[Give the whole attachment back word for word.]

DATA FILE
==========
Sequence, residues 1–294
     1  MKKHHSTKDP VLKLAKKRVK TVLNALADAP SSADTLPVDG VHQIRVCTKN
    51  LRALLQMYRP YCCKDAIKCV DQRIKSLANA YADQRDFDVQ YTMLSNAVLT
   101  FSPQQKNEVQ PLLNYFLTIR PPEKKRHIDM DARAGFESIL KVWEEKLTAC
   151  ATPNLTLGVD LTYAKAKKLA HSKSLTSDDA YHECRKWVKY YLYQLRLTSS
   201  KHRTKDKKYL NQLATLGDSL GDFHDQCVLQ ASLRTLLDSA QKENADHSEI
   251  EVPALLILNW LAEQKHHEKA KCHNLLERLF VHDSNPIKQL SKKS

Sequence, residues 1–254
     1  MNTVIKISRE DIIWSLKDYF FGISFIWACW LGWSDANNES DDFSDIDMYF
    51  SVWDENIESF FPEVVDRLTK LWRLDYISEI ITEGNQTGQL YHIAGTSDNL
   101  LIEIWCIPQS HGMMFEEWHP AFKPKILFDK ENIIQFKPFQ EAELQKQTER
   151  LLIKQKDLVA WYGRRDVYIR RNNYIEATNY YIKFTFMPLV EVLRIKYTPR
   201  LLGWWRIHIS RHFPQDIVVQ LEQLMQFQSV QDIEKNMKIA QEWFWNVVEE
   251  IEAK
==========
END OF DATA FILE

Sequence, residues 1–294
     1  MKKHHSTKDP VLKLAKKRVK TVLNALADAP SSADTLPVDG VHQIRVCTKN
    51  LRALLQMYRP YCCKDAIKCV DQRIKSLANA YADQRDFDVQ YTMLSNAVLT
   101  FSPQQKNEVQ PLLNYFLTIR PPEKKRHIDM DARAGFESIL KVWEEKLTAC
   151  ATPNLTLGVD LTYAKAKKLA HSKSLTSDDA YHECRKWVKY YLYQLRLTSS
   201  KHRTKDKKYL NQLATLGDSL GDFHDQCVLQ ASLRTLLDSA QKENADHSEI
   251  EVPALLILNW LAEQKHHEKA KCHNLLERLF VHDSNPIKQL SKKS

Sequence, residues 1–254
     1  MNTVIKISRE DIIWSLKDYF FGISFIWACW LGWSDANNES DDFSDIDMYF
    51  SVWDENIESF FPEVVDRLTK LWRLDYISEI ITEGNQTGQL YHIAGTSDNL
   101  LIEIWCIPQS HGMMFEEWHP AFKPKILFDK ENIIQFKPFQ EAELQKQTER
   151  LLIKQKDLVA WYGRRDVYIR RNNYIEATNY YIKFTFMPLV EVLRIKYTPR
   201  LLGWWRIHIS RHFPQDIVVQ LEQLMQFQSV QDIEKNMKIA QEWFWNVVEE
   251  IEAK